We never know how we look through another person’s eyes.  A year ago today, Dove published a video showing women describing themselves to a sketch artist.  Then another person who had just met them described them to the artist.  The two pictures of each woman were very different.  The experiment focused only on women, many of whom appeared really upset when confronted with the two different images.  You can see the original experiment from Dove here.

Just a couple days ago, BuzzFeed posted an article with a variation of this experiment.  They brought in a group of people to stand in front of a mirror and talk about themselves.  They did not know it was a two way mirror with another person making observations about them.  A few days later they were brought back in to look at the video footage of the people behind the mirrors.  One big difference from this and the Dove experiment is that some of the participants were men.  The men had just as much negative talk about themselves as the women did.

What struck me most, was one man saying that the mirror lies.  The mirror cannot lie.  It can only repeat back to us what we have told it.  The mirror is simply an amplifier.  The problem is our perspective of what we see in the mirror.  So many people have a skewed self-image that they only see the negative.  Many have been told their entire lives that they are not pretty enough, not thin enough, not smart enough.  They’ve been told that they will never measure up to someone else, and spend their lives trying to reach a goal that at best is not theirs to reach and at worst is so far out of reach as to be impossible.

When we hear the negative often enough we start to believe it.  It becomes our reality.  Most people don’t recognize the negative self-talk they use everyday.  Not unless someone points it out to them.   These experiments are a wake-up call for these people.  The truth of how other people see us is right there in front of us.  It can be very hard to accept that reality.  It’s scary.  It’s not the familiar that we’ve become so accustomed to.  Letting go is not easy.  It is confidence building to hear what someone else thinks about your body and realize that they may be right.  Maybe my cheekbones are shaped nicely.  Maybe my hair is not as mousy as I thought it was.  Maybe my thighs don’t look so bad.  But even this thinking can be detrimental if spoken in negative terms.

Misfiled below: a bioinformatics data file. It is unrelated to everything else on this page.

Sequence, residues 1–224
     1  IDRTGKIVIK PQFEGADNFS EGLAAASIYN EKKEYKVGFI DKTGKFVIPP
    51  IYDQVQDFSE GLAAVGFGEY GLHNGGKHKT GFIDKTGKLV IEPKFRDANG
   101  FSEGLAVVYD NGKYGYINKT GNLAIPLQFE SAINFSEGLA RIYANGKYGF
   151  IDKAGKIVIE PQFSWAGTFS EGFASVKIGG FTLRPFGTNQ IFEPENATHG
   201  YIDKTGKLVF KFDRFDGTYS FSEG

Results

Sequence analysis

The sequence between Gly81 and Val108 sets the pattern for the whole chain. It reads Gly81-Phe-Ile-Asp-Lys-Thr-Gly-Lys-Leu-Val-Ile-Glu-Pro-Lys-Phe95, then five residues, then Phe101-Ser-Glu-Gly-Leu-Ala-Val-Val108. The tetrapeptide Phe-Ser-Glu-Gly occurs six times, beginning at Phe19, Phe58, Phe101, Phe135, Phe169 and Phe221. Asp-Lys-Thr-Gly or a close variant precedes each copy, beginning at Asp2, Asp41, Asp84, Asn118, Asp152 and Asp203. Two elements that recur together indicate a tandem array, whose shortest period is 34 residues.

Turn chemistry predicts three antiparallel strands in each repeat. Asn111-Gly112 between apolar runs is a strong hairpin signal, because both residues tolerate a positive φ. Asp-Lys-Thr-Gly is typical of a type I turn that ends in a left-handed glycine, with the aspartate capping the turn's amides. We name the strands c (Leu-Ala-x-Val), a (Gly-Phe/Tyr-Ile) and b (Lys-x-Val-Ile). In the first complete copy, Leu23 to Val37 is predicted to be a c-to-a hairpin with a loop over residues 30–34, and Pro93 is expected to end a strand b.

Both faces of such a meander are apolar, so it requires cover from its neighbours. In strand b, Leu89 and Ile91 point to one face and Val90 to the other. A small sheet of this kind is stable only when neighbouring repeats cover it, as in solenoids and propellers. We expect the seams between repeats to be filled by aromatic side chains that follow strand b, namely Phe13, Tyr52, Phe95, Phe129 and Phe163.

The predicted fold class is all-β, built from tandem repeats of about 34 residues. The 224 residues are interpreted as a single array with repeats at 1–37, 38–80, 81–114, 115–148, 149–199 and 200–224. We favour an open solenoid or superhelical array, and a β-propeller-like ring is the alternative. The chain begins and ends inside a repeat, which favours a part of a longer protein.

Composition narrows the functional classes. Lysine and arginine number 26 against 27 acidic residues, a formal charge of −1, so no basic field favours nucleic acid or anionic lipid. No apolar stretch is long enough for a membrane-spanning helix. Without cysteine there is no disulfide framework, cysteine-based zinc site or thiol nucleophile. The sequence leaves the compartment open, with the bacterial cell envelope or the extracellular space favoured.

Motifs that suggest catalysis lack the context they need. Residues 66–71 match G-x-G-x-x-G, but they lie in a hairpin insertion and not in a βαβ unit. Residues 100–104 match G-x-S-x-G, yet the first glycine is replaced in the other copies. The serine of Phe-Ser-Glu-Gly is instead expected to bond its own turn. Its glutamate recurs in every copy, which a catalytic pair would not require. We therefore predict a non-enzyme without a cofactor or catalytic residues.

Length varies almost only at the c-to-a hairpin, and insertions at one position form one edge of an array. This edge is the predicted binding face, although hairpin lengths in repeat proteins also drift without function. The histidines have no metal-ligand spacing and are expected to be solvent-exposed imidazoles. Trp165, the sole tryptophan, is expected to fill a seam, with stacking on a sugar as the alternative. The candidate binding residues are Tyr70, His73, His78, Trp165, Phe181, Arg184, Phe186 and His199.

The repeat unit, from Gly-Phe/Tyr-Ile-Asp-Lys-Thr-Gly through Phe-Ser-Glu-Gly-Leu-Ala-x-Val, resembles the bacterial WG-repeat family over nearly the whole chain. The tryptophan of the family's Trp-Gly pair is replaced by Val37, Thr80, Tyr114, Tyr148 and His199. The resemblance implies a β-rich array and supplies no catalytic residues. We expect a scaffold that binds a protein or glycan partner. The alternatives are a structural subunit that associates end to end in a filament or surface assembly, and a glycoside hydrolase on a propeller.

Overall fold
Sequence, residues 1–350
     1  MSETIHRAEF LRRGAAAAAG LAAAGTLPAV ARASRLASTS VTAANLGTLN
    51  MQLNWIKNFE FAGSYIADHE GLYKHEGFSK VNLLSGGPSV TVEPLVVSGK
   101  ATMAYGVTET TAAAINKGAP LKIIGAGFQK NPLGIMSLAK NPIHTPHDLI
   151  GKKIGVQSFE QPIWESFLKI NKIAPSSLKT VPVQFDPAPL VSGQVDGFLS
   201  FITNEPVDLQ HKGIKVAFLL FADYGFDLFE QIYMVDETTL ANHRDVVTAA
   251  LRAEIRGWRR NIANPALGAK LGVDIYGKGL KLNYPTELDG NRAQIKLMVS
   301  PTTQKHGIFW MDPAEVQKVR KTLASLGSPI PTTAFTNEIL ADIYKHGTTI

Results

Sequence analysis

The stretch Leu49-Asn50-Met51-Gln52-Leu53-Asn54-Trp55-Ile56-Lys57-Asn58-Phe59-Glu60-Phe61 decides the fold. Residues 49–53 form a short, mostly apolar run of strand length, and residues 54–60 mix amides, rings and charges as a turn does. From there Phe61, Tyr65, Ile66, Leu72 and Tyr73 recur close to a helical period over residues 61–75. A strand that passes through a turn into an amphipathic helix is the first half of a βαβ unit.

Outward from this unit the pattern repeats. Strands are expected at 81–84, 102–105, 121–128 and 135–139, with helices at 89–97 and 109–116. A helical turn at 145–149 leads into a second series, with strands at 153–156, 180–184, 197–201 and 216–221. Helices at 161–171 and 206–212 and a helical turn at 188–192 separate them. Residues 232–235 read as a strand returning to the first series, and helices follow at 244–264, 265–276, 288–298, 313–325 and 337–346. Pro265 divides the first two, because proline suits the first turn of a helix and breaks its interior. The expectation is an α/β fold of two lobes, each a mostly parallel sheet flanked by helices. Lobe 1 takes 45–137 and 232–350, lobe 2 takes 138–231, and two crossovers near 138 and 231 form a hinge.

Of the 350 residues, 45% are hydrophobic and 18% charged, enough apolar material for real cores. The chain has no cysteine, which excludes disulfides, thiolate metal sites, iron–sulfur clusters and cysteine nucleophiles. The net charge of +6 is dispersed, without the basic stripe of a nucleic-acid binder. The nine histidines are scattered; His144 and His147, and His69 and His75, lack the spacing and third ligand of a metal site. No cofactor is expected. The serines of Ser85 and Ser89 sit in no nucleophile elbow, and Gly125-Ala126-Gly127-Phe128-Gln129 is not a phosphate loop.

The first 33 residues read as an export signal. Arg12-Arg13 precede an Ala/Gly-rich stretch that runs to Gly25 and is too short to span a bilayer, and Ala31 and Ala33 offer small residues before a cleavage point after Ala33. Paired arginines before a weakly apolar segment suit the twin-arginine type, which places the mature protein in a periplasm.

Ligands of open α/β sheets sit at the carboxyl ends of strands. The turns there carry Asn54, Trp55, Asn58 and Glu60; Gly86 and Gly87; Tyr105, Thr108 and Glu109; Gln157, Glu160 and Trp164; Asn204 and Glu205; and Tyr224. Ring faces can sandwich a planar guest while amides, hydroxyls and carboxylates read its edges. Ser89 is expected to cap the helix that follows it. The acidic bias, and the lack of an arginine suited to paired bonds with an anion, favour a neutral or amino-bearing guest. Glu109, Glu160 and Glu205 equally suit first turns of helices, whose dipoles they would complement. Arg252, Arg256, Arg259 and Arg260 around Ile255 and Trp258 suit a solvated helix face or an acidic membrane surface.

It’s important to always look at yourself and find something positive.  Even if it’s just one thing, celebrate that one thing.  Then the next day, find and celebrate another thing.  Keep working at it until you believe those positive things.  Keep celebrating the beautiful things about yourself and others will notice them, too.  We are all more than we think we are.  We just need to change our perception in order to see it.  The full article is here on BuzzFeed.  The video is below.





Review: Dead West Books 1& 2

Not sure how I missed posting a review of book 1 in the Dead West series but I will remedy that instantly.


Those Poor, Poor Bastards is a zombie western following Nina Weaver and her father through a shambling landscape of supernaturally undead.  The characters are well developed, showing a range of the human condition in all of its ugliness and beauty.  Setting, dialogue, characterization and overall style are true to the western genre while offering up plenty of action to keep you on the edge of your seat.  There is never-ending danger of being bitten, ancient bad guys, human asshats, and a stoic, hereo-esque type in a Stetson with two very large guns.  All combine nicely into a crazy train that takes you on one helluva ride.

The Ten Thousand Things barrels down the tracks with just as much action as the first book.  We see some of the same characters and a few new ones, all being reassuringly predictable and still surprising as events unfold, forcing them to change in subtle ways.  The humanity of the characters is hard-fought amid the shambling horde and shines through beautifully.  The authors stay true to their western style while giving us a sex scene, a first use of native spiritual magic that is stunning, and a surprise at the end that I expected and still was surprised by.

I would recommend both of these books.  Hopefully the third in the series will be out soon.  My favorite lines so far:

Nina smiled and reached out to touch her Colt 1861 Navy where it rested just inches away.  Hard iron in front, an iron-hard man behind. She was covered.


You can find Those Poor, Poor Bastards and The Ten Thousand Things on Amazon and at RagnarokPub.